What’s in a Name? Part I: Matcha, Tencha, and Sencha

Hello everyone! This week’s post is the first section of a series on Japanese tea names. If you’ve ever been curious why a tea is called by a particular name, this is the post for you!


Tea  茶

Perhaps the most important word on this list is cha, or tea. The Japanese character has its origins in ancient China, where it first referred to bitter herbs, before narrowing its meaning to tea specifically.

Matcha  抹茶

Matcha (pictured above), the first and most traditional of Japanese green teas, literally means “rubbed tea”. Which is exactly what matcha is! Ceremonial grade matcha is ground (rubbed) to a powder in a granite mill. It is so fine, it will settle into the lines of your finger-print.

Tencha leaves and liquor

Tencha leaves and liquor

Tencha  碾茶

Tencha is the tea that matcha is made of. The leaves have been processed and dried, but not ground yet. Ten means “mortar” or “grind”, and refers to the matcha-making process tencha is intended for. Most tencha is made into matcha, but it can also be drunk in its whole-leaf form.

Sencha  煎茶

Brewing sencha

Brewing sencha

Sen means “infuse”, and sencha is tea that is infused in water. Sencha was invented in the 18th century, and before then, all tea was lower-grade bancha (tea made from older leaves, sometimes roasted) or matcha, which is described above. These days most teas are infused, but back then, sencha’s name set it apart from the usual tea-whisking technique.

Kabuse sencha  かぶせ煎茶

Kabuse comes from kabusu (被す), to cover. Kabuse teas are shaded, usually for several weeks, while growing in the field. This encourages the plant to produce more chlorophyll, and makes the leaves more tender, producing a delicate, rich flavor. Sencha is often grown uncovered, so kabuse sencha is a sub-category. Many other kinds of teas are shaded as well (matcha, gyokuro).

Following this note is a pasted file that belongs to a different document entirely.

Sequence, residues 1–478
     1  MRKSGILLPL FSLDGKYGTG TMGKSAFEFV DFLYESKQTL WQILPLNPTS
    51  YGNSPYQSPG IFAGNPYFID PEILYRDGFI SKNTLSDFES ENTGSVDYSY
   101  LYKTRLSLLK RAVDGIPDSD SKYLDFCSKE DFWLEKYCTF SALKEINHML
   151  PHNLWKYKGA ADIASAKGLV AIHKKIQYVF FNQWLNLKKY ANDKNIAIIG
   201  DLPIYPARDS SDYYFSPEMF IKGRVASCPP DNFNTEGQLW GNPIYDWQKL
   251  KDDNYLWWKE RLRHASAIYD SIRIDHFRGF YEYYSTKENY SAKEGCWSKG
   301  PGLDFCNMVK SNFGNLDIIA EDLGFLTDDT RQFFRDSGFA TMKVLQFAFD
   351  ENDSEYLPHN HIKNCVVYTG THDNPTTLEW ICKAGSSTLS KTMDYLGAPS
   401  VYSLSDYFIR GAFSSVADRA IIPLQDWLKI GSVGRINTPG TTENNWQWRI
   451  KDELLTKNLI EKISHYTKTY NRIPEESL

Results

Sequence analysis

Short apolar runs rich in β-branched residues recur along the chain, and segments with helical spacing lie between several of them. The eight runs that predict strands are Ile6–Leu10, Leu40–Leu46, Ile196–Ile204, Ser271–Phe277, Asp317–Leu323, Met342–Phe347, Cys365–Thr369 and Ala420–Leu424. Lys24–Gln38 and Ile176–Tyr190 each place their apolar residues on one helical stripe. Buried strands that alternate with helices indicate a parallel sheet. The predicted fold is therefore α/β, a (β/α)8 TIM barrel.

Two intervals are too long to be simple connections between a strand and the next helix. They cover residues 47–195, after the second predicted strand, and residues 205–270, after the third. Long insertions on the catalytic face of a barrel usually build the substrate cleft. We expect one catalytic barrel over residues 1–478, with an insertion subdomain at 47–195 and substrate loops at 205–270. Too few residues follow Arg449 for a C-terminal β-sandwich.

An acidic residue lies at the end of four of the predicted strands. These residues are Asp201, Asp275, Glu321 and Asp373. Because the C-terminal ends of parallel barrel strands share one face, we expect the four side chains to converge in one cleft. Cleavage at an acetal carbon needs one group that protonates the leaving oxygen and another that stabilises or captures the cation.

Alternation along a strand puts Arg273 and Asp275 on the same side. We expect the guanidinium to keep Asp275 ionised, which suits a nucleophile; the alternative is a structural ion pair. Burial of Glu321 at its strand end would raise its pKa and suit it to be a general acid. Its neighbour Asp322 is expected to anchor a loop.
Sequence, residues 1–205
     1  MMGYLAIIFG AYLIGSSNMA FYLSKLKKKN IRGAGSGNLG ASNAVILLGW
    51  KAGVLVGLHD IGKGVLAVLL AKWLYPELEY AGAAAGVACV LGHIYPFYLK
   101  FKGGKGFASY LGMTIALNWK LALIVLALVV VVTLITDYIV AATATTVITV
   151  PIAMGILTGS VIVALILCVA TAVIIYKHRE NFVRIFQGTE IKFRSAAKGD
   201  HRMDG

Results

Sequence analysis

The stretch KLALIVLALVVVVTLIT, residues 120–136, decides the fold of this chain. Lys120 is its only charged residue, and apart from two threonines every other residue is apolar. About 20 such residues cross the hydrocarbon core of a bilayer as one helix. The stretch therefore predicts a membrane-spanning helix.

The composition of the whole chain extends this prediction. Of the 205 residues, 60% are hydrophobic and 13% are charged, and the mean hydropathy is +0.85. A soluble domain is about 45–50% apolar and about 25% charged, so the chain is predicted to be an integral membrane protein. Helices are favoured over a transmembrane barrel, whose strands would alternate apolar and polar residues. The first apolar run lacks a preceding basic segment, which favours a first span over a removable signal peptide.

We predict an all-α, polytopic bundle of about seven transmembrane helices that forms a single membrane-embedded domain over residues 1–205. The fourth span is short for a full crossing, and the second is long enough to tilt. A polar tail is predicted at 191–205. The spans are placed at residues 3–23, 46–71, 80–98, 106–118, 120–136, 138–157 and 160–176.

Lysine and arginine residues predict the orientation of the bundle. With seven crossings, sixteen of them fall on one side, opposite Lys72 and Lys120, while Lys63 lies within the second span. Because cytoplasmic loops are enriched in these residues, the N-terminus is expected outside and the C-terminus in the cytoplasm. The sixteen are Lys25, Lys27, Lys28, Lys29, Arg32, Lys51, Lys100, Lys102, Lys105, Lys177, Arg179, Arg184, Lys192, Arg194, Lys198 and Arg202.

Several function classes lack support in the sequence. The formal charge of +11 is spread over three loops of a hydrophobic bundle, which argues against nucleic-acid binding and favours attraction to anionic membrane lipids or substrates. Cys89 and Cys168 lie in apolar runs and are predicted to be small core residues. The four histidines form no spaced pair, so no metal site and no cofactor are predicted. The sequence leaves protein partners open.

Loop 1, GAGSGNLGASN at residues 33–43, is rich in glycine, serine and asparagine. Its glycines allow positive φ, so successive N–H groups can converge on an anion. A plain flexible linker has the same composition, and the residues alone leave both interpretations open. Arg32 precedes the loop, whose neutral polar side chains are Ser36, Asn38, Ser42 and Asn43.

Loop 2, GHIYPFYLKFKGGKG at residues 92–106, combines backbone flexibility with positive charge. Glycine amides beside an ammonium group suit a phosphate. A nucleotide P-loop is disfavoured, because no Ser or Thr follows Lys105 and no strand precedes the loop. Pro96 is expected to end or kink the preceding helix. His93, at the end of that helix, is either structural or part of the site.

Our president, Akky-san, covering tea bushes

Our president, Akky-san, covering tea bushes

Fukamushicha  深蒸し茶

Fukamushi means “deeply steamed”. Most Japanese green teas are steamed for 30 seconds to a minute. Fukamushicha is steamed two or three times longer. The technique creates a darker green tea with a rich, full flavor. The opposite would be asamushi (浅蒸し) or lightly steamed sencha, which has an especially short steaming time.

Organic Fukamushicha leaves and liquor

Organic Fukamushicha leaves and liquor

And that’s the end of the first section! Next week, we’ll talk about gyokuro and kukicha. Are there particular tea words you’d like to know more about? Let us know in the comments!


Dien, Albert E. Six Dynasties Civilization. New Haven, CT: Yale UP, 2007. Print.

 Gascoyne, Kevin, Francois Marchand, Jasmin Desharnais, and Hugo Americi. Tea: History, Terroirs, Varieties. 2nd ed. Richmond Hill, Ontario: Firefly, 2016. Print.

Weugue, Florent. “On the Roots of Fukamushi-cha and about Japanese Green Tea Steaming.” Japanese Tea Sommelier. 02 Feb. 2015. Web. 07 Mar. 2017.

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